Ecuadorean Swimmers Train On High

Ecuadorean Swimmers Train On High

Photos courtesy of Jose Lorvao in Setúbal Bay, Portugal. Article courtesy of WOWSA, Huntington Beach, California.

There must be something in the air – and the water – in Cuenca, Ecuador. At 2,500 meters high (8,200 feet), the beautiful city is the training ground to two of Ecuador’s – and the world’s – most accomplished open water swimmers.

At the recent Olympic 10 km Marathon Swimming Qualification Race in Setúbal Bay, Portugal, both Ivan Enderica Ochoa and Samantha Arevalo finished third in two very competitive races. The speed and stamina enabled them, as a result, to represent Ecuador at the 2016 Rio Olympic Games in the 10 km marathon swim.

Both athletes have been constantly improving their positions in international competitions and have the training base for an excellent shot to finish in the top 8 at the Rio Olympics 10 km race.

Arevalo, now 22, explains her start in the open water. “I started swimming at four. There was a swimming pool in my small city of Macas and I was learning there. But I was also swimming in the river, as my father wanted us to have some physical activity and not be closed at home all day. My other siblings – we are four -, were also involved in swimming and I got hooked to it.”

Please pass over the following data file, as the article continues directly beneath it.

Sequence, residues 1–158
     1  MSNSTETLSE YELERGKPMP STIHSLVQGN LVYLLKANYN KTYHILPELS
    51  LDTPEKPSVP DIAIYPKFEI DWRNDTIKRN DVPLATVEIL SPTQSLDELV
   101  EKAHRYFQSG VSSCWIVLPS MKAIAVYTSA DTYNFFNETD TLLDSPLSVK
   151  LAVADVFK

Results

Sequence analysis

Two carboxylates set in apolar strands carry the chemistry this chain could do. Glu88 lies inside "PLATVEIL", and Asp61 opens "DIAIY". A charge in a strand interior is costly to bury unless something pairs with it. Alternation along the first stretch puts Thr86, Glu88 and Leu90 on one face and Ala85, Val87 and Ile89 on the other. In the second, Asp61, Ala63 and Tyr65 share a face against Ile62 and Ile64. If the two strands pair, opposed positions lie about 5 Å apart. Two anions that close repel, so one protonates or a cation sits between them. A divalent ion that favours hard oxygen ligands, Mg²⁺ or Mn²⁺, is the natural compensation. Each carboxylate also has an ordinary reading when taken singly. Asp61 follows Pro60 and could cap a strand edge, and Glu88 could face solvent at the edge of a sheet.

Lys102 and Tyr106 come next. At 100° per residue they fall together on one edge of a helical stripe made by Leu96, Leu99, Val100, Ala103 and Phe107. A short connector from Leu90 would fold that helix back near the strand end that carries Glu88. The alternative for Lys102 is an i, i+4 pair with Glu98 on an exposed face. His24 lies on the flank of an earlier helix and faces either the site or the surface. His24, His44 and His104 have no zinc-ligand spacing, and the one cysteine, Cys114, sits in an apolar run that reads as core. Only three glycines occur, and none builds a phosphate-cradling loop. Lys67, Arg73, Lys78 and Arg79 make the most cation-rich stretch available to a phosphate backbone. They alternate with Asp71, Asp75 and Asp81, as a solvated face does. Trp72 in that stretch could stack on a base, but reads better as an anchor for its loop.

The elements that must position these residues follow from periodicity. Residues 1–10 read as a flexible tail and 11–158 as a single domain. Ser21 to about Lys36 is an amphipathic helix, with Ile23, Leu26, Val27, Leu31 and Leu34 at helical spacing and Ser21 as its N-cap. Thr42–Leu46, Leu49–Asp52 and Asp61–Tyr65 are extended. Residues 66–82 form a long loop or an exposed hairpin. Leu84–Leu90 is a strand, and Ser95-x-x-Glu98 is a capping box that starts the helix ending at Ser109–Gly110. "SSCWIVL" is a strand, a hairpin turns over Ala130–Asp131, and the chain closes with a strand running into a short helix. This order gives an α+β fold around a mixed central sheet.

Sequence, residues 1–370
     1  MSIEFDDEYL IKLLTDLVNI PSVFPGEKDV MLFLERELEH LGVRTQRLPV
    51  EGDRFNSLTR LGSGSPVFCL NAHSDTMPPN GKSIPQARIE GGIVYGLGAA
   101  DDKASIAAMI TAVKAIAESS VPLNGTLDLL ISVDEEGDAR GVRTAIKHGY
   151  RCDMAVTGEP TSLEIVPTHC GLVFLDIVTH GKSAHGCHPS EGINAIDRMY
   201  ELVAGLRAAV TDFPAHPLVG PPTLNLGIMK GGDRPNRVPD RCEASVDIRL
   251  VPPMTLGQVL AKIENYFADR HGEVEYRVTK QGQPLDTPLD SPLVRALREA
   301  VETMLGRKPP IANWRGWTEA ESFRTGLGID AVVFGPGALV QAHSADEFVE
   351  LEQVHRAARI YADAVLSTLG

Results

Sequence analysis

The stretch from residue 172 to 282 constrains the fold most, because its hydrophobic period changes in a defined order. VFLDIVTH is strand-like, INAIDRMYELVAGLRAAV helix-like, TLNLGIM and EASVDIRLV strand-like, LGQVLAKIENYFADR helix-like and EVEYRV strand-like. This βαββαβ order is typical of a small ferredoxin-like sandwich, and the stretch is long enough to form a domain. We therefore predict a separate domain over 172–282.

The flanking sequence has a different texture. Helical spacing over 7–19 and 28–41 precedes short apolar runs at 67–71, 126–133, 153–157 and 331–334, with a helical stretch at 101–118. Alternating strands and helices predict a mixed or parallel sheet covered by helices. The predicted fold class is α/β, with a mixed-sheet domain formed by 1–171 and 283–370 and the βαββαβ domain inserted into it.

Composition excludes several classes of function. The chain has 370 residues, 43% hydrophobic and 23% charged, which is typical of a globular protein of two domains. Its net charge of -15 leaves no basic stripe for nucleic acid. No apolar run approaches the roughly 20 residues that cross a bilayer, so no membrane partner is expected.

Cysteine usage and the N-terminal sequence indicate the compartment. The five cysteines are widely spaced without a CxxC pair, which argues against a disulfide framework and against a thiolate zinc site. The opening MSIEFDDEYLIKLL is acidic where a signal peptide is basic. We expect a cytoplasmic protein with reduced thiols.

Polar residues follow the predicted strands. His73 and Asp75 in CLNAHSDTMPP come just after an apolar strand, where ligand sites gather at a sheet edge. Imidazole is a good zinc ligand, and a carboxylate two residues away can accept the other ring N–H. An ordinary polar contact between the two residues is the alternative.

Enderica finished 21st in the Olympic 10 km in London, but he knows a finish up near the front of the pack is very possible in Rio. “[Qualifying for Rio] is a double emotion for me because my brother is my coach, so it’s a kind of team qualification for Rio. There, I would be happy to be in the top 8. I know it’s difficult, but nothing is impossible.”

In Cuenca, Arevalo’s daily workouts include 6 hours in the pool averaging 10 km. “Despite my relative success, open water is still a much unknown sport in Ecuador. It is however funny to note that there are a lot of people practising it. In Macas, all those who like to swim in our river, are in reality doing open water. They just swim in a natural environment,” she said in her interviews in Portugal. “More seriously, I believe that with this qualification, this will further enhance the visibility of this discipline [in Ecuador].”

Copyright © 2016 by World Open Water Swimming Association
Steven Munatones